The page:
By Andrew Barungi
Makerere University was once synonymous with prestige. It was the place where top performing students were admitted, and where some of the best workforce were produced. It was regarded as the Harvard of Africa. Those who went through Makerere were revered by their peers. They were proud to declare that they went to the “Ivory Tower”.
Today, Makerere is for the most part known for strikes by students, lecturers and non-teaching staff. A recent strike by lecturers over unpaid incentive arrears was joined by students, leading to the closure of the university by President Yoweri Museveni on 1 November 2016.
Unfortunately, closing Makerere will not solve the persistent problems facing the institution. It’s important to remember that this is not the first time the university is being closed. Previous closures were made in 2006 and 2013. What is so different about this one?
One of the reasons advanced for closing the university was to protect property. While this could have been the most obvious solution, government should have first remembered its obligation of protecting property of Ugandans as mandated by law. Security forces such as police are paid by taxpayers to fulfill this mandate, and if they had maintained law and order at the university as students and lecturers protested; relevant stakeholders would have found other solutions to the problem rather than a shutdown.
Additionally, Article 30 of the Constitution of Uganda states that “all persons have a right to education”. The persistent problems at Makerere should not be an excuse to deny Ugandans and foreign students who study at the institution, a right to education. In fact, Uganda recognised this right by ratifying the International Covenant on Economic, Social and Cultural Rights in 1987. Article 13.2 (c) of the Covenant states that, “Higher education shall be made equally accessible to all, on the basis of capacity, by every appropriate means, and in particular by the progressive introduction of free education”.
Government should have also thought about the financial and other inconveniences that students and parents would incur as a result of closing the university. It’s a known fact that Makerere University is host to students from diverse backgrounds and origins. The sudden closure of the university meant that students who hail from outside Kampala and out of Uganda, had to look for money for bus fair or air ticket to transport themselves back home.
Closing the university in the middle of the semester also meant that those who had paid tuition and were waiting to sit exams or clear to graduate, cannot be sure of what will happen next. Why should students pay the cost of failures of the university and government that oversees it?
It’s apparent that government has not been investing sufficient resources in education, and especially in key institutions of higher learning such as Makerere. For instance, while, neighboring countries such as Burundi and Rwanda invest $794 and $660 per student respectively, Uganda spends only $415 per student, even when its economy is bigger than that of the two countries. In fact, the State of Education in Africa Report, 2015 by The Africa-America Institute notes that while enrollment in institutions of higher learning in Africa has more than doubled between 2000 and 2010, significant investment in education still needs to be done.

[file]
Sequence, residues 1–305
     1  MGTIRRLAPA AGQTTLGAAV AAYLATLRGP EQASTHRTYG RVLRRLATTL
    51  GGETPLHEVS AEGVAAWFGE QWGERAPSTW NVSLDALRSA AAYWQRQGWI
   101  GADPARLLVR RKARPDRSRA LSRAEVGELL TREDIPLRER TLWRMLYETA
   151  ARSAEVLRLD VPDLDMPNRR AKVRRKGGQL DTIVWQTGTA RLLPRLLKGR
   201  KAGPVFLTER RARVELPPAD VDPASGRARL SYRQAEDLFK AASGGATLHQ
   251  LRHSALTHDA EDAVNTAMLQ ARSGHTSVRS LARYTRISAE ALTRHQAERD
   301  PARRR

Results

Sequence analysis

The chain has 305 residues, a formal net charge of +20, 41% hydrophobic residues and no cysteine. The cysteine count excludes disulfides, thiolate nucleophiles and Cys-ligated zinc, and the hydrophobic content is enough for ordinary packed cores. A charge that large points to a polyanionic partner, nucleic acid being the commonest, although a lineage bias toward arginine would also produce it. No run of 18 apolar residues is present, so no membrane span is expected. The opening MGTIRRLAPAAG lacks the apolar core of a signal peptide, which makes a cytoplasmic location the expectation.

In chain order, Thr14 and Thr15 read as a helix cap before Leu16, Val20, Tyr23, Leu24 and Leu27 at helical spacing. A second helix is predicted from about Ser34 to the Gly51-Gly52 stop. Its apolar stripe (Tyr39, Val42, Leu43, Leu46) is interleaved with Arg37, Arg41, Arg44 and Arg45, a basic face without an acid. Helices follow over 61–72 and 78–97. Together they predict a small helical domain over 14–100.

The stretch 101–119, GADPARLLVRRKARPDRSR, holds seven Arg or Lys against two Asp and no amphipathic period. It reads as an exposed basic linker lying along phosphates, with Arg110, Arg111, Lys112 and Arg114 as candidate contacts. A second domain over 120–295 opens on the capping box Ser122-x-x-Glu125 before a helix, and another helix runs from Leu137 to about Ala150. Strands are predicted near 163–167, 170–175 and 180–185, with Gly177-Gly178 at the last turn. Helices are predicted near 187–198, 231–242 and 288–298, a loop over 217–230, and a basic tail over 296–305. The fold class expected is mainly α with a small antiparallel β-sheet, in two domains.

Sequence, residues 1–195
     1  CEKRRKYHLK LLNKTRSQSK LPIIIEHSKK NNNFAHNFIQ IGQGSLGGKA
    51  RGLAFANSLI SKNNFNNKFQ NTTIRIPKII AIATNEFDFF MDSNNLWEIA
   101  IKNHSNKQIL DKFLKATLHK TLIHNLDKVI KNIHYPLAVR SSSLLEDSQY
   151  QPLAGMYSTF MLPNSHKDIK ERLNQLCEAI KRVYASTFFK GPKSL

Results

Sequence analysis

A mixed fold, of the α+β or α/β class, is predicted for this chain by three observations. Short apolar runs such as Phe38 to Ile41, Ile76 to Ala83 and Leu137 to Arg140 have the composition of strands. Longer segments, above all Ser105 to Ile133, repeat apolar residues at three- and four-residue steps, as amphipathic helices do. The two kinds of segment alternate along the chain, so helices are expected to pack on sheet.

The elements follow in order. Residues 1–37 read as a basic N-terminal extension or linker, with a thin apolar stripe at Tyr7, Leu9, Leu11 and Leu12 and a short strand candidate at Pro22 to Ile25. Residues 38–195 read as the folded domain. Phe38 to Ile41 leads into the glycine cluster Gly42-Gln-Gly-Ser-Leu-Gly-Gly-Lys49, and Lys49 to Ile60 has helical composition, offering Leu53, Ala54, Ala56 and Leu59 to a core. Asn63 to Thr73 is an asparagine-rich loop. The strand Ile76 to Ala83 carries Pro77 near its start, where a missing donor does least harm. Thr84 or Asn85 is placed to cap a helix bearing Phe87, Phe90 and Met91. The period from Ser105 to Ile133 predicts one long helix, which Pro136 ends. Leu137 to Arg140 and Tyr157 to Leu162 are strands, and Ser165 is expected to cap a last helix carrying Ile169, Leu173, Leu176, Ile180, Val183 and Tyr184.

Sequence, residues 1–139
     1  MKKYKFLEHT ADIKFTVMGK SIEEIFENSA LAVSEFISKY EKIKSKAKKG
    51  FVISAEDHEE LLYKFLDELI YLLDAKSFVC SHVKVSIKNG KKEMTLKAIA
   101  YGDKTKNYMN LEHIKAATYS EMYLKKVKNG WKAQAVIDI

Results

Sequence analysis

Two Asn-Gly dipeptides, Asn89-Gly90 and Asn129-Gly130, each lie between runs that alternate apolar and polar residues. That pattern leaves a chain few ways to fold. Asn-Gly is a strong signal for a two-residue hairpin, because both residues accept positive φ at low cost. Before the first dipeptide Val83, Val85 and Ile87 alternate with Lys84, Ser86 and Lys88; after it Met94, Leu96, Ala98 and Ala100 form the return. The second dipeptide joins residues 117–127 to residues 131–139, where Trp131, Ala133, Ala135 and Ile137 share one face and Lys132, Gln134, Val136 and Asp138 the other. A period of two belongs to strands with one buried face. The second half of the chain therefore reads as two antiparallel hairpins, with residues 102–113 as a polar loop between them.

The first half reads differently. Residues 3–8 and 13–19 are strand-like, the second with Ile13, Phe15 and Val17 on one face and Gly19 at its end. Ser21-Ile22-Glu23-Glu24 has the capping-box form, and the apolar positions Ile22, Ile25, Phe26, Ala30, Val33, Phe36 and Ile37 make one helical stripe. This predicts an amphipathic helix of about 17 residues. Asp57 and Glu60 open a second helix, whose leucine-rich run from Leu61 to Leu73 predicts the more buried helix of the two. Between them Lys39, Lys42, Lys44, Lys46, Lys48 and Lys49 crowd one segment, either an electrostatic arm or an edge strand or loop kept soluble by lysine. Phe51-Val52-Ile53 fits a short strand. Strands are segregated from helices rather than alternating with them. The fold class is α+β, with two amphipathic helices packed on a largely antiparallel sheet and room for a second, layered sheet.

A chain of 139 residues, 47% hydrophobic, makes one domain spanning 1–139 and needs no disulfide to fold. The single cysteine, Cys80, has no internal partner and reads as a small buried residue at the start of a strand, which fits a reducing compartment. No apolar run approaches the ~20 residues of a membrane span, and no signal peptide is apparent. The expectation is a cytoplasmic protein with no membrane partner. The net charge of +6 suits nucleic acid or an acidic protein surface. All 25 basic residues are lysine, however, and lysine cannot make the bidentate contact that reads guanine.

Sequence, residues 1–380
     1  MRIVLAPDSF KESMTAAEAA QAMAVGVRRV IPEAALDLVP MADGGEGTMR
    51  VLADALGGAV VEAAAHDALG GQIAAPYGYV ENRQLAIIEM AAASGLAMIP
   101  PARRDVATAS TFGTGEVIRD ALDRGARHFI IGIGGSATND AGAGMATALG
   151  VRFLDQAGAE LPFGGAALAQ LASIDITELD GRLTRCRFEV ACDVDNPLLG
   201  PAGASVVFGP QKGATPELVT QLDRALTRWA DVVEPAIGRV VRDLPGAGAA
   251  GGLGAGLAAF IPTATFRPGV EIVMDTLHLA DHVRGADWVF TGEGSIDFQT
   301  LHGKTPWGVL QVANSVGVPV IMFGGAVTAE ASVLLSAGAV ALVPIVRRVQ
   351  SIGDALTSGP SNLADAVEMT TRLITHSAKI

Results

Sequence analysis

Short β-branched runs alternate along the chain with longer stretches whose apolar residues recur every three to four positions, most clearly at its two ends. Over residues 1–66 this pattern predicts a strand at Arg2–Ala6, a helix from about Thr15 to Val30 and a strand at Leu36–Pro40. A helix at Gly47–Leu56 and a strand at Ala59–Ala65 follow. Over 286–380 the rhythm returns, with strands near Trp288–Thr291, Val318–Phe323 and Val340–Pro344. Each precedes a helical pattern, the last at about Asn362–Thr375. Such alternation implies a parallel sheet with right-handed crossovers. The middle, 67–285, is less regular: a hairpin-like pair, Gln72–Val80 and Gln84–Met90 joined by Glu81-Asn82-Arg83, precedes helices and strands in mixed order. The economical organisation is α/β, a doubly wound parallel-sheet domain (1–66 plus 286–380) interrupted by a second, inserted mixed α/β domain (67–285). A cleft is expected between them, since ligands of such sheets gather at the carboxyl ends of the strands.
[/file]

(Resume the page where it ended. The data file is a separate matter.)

It’s also on record that government and Makerere University management have on several occasions made financial promises to the university lecturers and either delayed to fulfil them, or reneged on them altogether. This has to a large part, contributed to the cycle of strikes, promises, failed promises and closure or more strikes.
In this impasse, there are no winners but only losers.
The problem at Makerere can only be resolved if all stakeholders are willing to honour their obligations and commitments. Are lecturers willing to teach? Are students ready to learn? Are parents and guardians willing to pay tuition on time for the smooth running of the university? Is the government submitting adequate financial aid and other resources to aid teaching and learning at the university? Is the university authority managing the university resources and affairs transparently? Is the person/office responsible for overseeing the fulfillment of all these obligations doing their part?
These questions could have been pondered on and actions taken by the relevant authorities without closing the university and making an already bad situation worse.
Makerere University can rise and claim its place once again and in full, but everyone has to be willing to play a part in making this happen.
Mr Barungi is a social scientist
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